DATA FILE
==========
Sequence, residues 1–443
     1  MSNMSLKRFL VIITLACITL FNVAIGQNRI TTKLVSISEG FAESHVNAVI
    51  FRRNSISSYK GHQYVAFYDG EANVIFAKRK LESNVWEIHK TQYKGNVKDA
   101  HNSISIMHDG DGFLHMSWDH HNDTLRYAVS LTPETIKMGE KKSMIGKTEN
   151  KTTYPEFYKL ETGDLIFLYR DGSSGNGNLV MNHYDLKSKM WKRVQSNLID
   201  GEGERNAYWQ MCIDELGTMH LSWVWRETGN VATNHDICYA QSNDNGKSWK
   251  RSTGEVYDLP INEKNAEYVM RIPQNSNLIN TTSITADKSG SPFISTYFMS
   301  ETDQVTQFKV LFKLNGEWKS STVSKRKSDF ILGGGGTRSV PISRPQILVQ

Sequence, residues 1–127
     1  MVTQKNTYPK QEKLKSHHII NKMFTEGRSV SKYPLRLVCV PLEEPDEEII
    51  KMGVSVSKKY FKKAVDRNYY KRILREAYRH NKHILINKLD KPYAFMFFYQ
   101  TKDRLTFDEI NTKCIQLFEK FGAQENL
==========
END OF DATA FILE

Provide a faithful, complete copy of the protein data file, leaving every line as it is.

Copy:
Sequence, residues 1–443
     1  MSNMSLKRFL VIITLACITL FNVAIGQNRI TTKLVSISEG FAESHVNAVI
    51  FRRNSISSYK GHQYVAFYDG EANVIFAKRK LESNVWEIHK TQYKGNVKDA
   101  HNSISIMHDG DGFLHMSWDH HNDTLRYAVS LTPETIKMGE KKSMIGKTEN
   151  KTTYPEFYKL ETGDLIFLYR DGSSGNGNLV MNHYDLKSKM WKRVQSNLID
   201  GEGERNAYWQ MCIDELGTMH LSWVWRETGN VATNHDICYA QSNDNGKSWK
   251  RSTGEVYDLP INEKNAEYVM RIPQNSNLIN TTSITADKSG SPFISTYFMS
   301  ETDQVTQFKV LFKLNGEWKS STVSKRKSDF ILGGGGTRSV PISRPQILVQ

Sequence, residues 1–127
     1  MVTQKNTYPK QEKLKSHHII NKMFTEGRSV SKYPLRLVCV PLEEPDEEII
    51  KMGVSVSKKY FKKAVDRNYY KRILREAYRH NKHILINKLD KPYAFMFFYQ
   101  TKDRLTFDEI NTKCIQLFEK FGAQENL